Car service platform Uber has been called many things: the next step in transportation, a green solution to ease metro gas emissions, and now illegal. Maybe. The company has come under fire from the Washington D.C. Taxicab Commission, which said earlier this week that “they’re operating illegally, and we plan to take steps against them.”
What is Uber
At the moment, Uber is only available in select cities, so here’s a quick primer on how the platform works. Using the mobile app (or text message) you request a car. Then Uber sends over a professional driver in a “sleek black car” (luxury sedans, not limos, for the record); the wait is usually no longer than 15 minutes. Your credit card is set up to the app, so you’re automatically billed (including the tip).
According to the site, you’re charged based on “GPS data from your ride and charges for distance or time depending on your speed.” In D.C., for example, Uber charges a base pay of $7 and adds $3.25 for each mile traveled and $0.75 for each minute the car is in service.
Perhaps the largest convenience (aside to being squired about and foregoing the hassle of driving) is that Uber is cash-free. But make no mistake, Uber isn’t some money-saving, car-sharing alternative. Instead it falls somewhere between limo service and cab rides.
Why it’s “illegal”
Uber itself claims that it’s an “ally to ‘the system’” because it offers drivers the ability to make more money and also plays by the rules of the industry. But D.C. Taxicab Commissioner Ron Linton argues otherwise.
“We license public vehicles for hire under two arrangements,” he told DCist. “One is a time and metered distance, that’s a taxicab. The other is a fixed rate by appointment, and that’s a limo. They don’t quality under either circumstance.”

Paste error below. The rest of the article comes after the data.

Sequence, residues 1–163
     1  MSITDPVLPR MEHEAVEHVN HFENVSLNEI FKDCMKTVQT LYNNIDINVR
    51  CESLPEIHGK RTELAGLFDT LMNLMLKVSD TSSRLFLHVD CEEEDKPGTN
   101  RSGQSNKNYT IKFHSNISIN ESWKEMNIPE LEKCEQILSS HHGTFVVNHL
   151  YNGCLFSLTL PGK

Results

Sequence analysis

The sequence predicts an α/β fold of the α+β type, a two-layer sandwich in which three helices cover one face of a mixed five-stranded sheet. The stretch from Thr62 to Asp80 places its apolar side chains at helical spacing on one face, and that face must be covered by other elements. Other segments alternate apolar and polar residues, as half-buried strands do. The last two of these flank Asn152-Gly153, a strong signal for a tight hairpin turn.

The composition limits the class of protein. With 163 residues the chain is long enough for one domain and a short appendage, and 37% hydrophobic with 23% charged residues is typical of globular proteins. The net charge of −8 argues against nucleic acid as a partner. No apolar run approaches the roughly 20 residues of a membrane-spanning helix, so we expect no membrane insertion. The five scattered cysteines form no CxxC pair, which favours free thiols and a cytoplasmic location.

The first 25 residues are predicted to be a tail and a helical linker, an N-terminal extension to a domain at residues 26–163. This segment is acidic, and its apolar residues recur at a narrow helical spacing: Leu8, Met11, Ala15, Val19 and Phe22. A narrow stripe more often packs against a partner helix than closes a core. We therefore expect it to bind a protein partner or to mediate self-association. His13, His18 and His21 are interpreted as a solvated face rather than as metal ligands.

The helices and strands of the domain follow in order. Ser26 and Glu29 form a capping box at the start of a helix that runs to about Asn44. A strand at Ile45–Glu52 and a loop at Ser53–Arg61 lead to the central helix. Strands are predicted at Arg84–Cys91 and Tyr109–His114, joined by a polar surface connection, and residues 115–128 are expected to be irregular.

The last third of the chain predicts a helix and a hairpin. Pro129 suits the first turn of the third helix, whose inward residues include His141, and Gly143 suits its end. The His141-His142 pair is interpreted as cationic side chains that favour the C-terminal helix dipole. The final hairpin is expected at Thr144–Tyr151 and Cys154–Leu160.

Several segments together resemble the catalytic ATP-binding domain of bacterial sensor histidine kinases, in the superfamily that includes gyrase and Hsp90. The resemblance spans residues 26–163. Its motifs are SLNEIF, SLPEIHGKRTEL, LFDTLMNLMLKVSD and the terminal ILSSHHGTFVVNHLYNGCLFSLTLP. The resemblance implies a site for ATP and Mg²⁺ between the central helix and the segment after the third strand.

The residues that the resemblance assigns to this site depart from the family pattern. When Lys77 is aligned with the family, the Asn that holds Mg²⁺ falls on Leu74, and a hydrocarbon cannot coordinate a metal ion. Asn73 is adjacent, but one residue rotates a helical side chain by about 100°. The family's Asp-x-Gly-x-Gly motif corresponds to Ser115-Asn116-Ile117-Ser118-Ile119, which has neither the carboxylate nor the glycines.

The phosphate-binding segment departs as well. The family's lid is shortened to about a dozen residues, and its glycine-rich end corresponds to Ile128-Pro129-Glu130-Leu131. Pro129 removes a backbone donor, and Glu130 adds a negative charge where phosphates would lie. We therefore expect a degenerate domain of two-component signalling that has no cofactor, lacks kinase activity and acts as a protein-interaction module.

So because Uber falls in this undefined, or uber-defined (pun intended) gray area, it’s covering too much ground and therefore operating against the rules. The fact that Uber doesn’t own its cars (it has partnerships with local limousine businesses) is also part of the problem.
The argument between Uber and the D.C.T.C. came to a head this morning, when a “sting operation” ticketed a driver and impounded his car. He was ticketed for not holding a chauffer license, driving an unlicensed vehicle, no proof of insurance, and charging “improper fare.”
The biggest hit against Uber is the fact that this driver is licensed to work in Virginia, so the commission has him on a technicality (something that is likely more relevant in this particular area).
Uber is defending itself, however, saying the commission hasn’t presented any statutes saying what the company is doing is against the law, and that the chairman has avoided being contacted by the company. The service also says it plans to continue to operate.
It seems like the major issue here is the fact that Uber is a next-gen sort of service, and taxicabs are quickly becoming something of a relic. It’s not as if Uber is the only platform out there combining social networking, mobile applications, and transportation. There are a bevy of car-sharing or swapping alternatives (Zipcar, Wheelz, GetAround) out there that are trying to alleviate our reliance on self-owned vehicles or the pain or expense of traveling solo.
And naturally, that’s going to disrupt the taxicab market. The difference with Uber is that it’s driver-based, so it’s cutting a little too close to home.
One major knock against Uber’s cred is its recent New Years Eve fiasco, when it increased its fares some 6.5 times the normal rate, and left many customers without their ordered rides.
But that’s the risk you run depending on a start-up during one of the busiest days of the year. And the D.C.T.C.’s actions seem to be grasping at straws: first of all, ticketing the driver and impounding his car doesn’t punish Uber, it punishes the individual driver. Secondly, operating in a gray area is less than advisable.
Really, it’s two sides of an industry, the old and the new, pushing against each other because we’re in a state of flux. But like we said, Uber isn’t the only taxi-alternative out there, and the cab market has more to worry about than just this one operation.